But again, I've only the one experience.

Rich Beckman

Another day, another tool.

(post #101683, reply #5 of 8)

No your correct it seems I would need to do both if im not successful out side . again im not looking to jack up house as much as being sure to take pressure off 8 ' of sill plate at a time. The attached garage should be easier as its only 1 story and light weight .By jacking up joists at ends im more comfortable with the amount of weight and support below jacks due to being over footings. If I dont see measureable progress jacking up from out side Im going to plan B inside and also using outside . I recently completed a $19,000 bathroom directly above this wall and Im aware of how gentle Im going to need to be . My goal with attachment plates is to secure top plate , joists and wall studs so i move everything at once. Ill cut sill plate loose at start. thanks for the heads up , Im planning on starting 2nd week in august so Ill be continuosly looking for any new info.  Steve

(post #101683, reply #2 of 8)

I'd start by having a look in the attic to see whether this wall supports rafters and ceiling joists, or runs parallel to them.  If it supports them, you can transfer the load to a falsework wall.  If you don't want to mess with the asbestos and moisture barrier, you might figure on demoing the bottom couple feet of drywall and working from the inside.  But if the outside's already open, then that's the way to go. 



-- J.S.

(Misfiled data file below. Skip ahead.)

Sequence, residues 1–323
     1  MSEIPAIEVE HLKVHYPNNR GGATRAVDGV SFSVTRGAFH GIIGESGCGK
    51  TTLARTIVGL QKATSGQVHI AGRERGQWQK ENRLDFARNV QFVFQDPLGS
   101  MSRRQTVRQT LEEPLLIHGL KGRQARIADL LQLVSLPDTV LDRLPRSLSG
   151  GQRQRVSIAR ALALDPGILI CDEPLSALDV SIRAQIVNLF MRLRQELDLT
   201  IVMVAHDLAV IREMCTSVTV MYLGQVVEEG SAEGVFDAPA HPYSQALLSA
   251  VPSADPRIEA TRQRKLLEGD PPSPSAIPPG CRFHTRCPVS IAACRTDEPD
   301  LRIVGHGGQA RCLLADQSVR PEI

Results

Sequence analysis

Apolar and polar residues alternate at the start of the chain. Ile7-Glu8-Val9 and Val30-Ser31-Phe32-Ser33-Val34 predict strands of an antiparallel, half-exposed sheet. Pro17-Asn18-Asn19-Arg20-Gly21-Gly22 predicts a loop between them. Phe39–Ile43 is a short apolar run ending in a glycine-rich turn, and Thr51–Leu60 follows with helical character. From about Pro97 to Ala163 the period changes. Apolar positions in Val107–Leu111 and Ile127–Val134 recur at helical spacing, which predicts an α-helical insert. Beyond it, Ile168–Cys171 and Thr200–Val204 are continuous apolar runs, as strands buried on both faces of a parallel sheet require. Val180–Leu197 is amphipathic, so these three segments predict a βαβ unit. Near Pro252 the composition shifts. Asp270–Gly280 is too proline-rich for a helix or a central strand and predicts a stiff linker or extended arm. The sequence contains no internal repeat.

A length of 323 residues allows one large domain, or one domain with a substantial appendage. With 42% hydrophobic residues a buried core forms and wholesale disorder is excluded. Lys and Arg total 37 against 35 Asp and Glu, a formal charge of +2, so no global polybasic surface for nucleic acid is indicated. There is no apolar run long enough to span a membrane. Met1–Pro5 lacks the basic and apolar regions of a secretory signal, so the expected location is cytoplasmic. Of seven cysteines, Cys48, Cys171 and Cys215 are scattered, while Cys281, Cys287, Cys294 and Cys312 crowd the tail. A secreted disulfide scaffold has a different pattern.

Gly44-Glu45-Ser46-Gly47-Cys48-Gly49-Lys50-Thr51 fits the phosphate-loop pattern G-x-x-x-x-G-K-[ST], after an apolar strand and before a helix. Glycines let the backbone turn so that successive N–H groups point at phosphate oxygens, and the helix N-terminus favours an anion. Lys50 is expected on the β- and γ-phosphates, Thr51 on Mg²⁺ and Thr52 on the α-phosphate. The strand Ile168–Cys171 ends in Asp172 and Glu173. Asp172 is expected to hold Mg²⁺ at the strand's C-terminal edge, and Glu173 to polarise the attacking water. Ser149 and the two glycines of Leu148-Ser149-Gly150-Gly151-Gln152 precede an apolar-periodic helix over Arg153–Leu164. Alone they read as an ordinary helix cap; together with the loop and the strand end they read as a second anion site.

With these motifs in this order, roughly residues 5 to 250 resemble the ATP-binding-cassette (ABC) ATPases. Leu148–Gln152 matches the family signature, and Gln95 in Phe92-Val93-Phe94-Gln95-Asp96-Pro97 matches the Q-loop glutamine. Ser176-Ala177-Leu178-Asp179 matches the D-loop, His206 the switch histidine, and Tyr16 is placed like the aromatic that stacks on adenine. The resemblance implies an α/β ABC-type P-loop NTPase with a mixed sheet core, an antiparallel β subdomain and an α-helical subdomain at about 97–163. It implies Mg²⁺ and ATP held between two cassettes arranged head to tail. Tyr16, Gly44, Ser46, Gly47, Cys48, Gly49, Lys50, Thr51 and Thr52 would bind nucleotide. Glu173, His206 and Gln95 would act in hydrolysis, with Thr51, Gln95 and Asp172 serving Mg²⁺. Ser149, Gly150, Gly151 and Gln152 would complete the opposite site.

-- J.S.


(post #101683, reply #6 of 8)

i got into this once and had no luck going up,even a little. my studs were fine so i put jacks similar to whats been described,then took a recip saw and cut the nails off the studs.then cut ,chiseled ,pulled the old sill out and sledged the new one in. it was a tight fit but got new wood in there. larry

hand me the chainsaw, i need to trim the casing just a hair.

the older i get ,

the more people tick me off

(post #101683, reply #7 of 8)

We usually use an LVL attached to exposed studs in the area in question with 1/4" x 4" timberlock structural screws.  The screws drive in quickly with a big drill and are quite tough.  LVLs are cheap and quite strong to jack against.

Warn the clients that the screws have the potential to puncture hidden pipes or wires and reach an agreement as to who picks up the bill if something is hit.

We'd rather cut an extra 1/4" from the studs to allow the new plate to go into place easier.  Add a structural shim (no cedar) to make up the difference after the plate is in place.

Finally, don't forget that the plate is still holding the house in place so drill and epoxy new hold down bolts into the concrete and bring any other hold down requirements up to code.

Good luck

(post #101683, reply #8 of 8)

Good advice here, I would just add that even though you've got serious weight involved, don't be intimidated - like it has been said, you aren't lifting a house, just taking some pressure off short sections long enough to whap in the sill. It's like changing a flat on a car -except probably safer because a car has to be raised ten or twelve inches and can wobble. Good luck

I'll. Be. Back.